Global Handset Shipments Growth Year-over-Year % 11.9% 1.1%

January 5, 2012 13:45 sbicheno

This year’s Consumer Electronics Show (CES) takes place in Las Vegas, USA, from Tuesday 10th to Friday 13th January, 2012. There will be dozens of major and minor announcements vying for your attention, but here are three trends we recommend to look out for at the show:

 

1. Windows Phone LTE handsets

While the main mobile event of the year -- MWC -- occurs a mere six weeks afterwards, CES tends to feature a number of major handset launches of its own -- especially those with a strong focus on the valuable US market. This year, the Windows Phone ecosystem plans to revitalize its assault on the US market with a raft of LTE handsets to counter Android 4.0, Apple iOS 5 and BB10.

A hotly tipped 4G model is the successor to the Nokia Lumia 800, Nokia’s first flagship Windows phone, which was not launched in the US. Instead, Americans could get the opportunity to see what may be Nokia’s first ever superphone, perhaps an enhanced Lumia 800 with a larger screen and LTE, which could be called the Lumia 900 or simply the Nokia Ace. It is important that Nokia gets its sub-branding right for the American market, so we will be watching this one closely.

Elsewhere, HTC should be ready to launch its own LTE Windows Phone devices, while rumors indicate Samsung’s contribution to that market may also be imminent. Sony Ericsson, despite being a launch partner for Windows Phone 7, has been conspicuous by its absence so far. That might be about to change, however, if the ‘tile’ theme for its official pre-show teaser (below) is anything to go by.




Source: Sony Ericsson



2. Intel Medfield devices

Despite initial hype, we’ve seen few LG Windows Phone launches in recent quarters. Two years ago LG was a lead OEM partner for Intel’s Moorestown mobile chip. Unperturbed by the absence of that chip in the broader marketplace, rumor has it that the successor to Moorestown -- the 32nm Medfield chip -- could soon make its public debut inside an LG handset.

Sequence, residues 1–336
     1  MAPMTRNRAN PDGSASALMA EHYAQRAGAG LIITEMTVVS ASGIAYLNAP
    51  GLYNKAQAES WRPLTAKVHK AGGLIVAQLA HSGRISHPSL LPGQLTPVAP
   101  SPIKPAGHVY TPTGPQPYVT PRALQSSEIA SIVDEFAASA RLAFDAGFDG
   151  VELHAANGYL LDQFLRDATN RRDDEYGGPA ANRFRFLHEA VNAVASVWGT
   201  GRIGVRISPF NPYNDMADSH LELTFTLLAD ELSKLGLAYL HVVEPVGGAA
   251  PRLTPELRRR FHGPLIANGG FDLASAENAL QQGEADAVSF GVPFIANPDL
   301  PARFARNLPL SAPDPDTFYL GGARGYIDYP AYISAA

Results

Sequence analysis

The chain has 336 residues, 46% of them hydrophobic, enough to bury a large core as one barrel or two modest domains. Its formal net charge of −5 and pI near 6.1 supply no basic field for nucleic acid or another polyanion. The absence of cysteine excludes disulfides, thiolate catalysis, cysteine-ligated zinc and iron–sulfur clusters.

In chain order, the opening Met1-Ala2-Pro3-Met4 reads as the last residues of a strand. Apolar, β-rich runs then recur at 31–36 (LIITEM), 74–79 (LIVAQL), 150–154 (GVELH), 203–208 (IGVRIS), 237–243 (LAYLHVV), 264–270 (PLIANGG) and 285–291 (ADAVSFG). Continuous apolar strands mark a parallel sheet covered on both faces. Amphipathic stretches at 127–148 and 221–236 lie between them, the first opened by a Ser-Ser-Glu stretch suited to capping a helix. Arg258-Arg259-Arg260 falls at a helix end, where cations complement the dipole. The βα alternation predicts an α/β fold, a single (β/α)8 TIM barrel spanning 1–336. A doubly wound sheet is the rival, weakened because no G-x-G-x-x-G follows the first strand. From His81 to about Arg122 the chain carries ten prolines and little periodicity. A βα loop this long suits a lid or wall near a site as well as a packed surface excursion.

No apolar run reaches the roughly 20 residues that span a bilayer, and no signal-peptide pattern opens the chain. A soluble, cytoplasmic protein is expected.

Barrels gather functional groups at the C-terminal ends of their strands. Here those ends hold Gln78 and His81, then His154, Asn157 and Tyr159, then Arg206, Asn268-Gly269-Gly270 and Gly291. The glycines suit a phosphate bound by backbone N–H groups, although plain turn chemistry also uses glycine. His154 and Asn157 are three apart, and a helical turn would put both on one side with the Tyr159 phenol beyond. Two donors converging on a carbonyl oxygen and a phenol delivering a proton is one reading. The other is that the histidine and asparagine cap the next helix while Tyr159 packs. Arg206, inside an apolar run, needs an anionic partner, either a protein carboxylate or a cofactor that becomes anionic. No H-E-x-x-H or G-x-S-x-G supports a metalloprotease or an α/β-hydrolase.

After keeping a low mobile profile in 2011 (excluding the Infineon purchase), we expect Intel to make a bigger noise about Medfield at CES this year. While it remains to be seen whether the chip giant has managed to crack the handset market, we would be surprised if Intel didn’t significantly raise its profile in tablets, with the anticipated launch later this year of Microsoft’s Windows Phone 8 and Windows 8 possibly its best opportunity yet.

But the loudest Intel-related noise may well come from ultrabooks -- the ‘thin, light and fast bootup’ notebook platform designed to serve the market demand suggested by the popularity of the Apple MacBook Air and iPad. While not all of the ultrabooks will feature 3G chipsets, they are being positioned as ‘ultra-mobile’ devices, so that would eventually seem a natural feature for many to have.

3. More smartphone-to-smart-TV convergence?

2012 is the year that many major players will have a fresh crack at smart TVs. Google’s first effort last year ran out of steam pretty quickly, while Apple is publicly treating TV as nothing more than a hobby. However, we expect both companies to renew their focus on the living room in 2012, and where better to make a statement of intent than CES?

Given the expected overlap with their mobile platforms -- Android and iOS -- it stands to reason that Google and Apple will look for ways to more closely integrate your mobile device with your TV. Not only does this increase the functionality for end-users -- for example, by using the device as a remote control for media streaming -- but potentially leverages the existing commercial relationship into new product areas. Apple will not be formally present at CES, of course, but Android hardware partners we recommend investigating at the show include Samsung, LG, Sony and even Vizio.



December 21, 2011 16:30 Alex Spektor

The impending avalanche of NFC phones, which our Wireless Device Strategies (WDS) service projects to grow at an average of 67% per year over the next five years, has everybody thinking about contactless payments. With all the buzz around Google's soft-launched Wallet service and the US carrier joint venture ISIS, which should roll out in 2012, it makes sense. Indeed, the simple fact that money is directly involved in this particular application of NFC rightfully encourages the whole wireless value chain to think about potential revenue opportunities.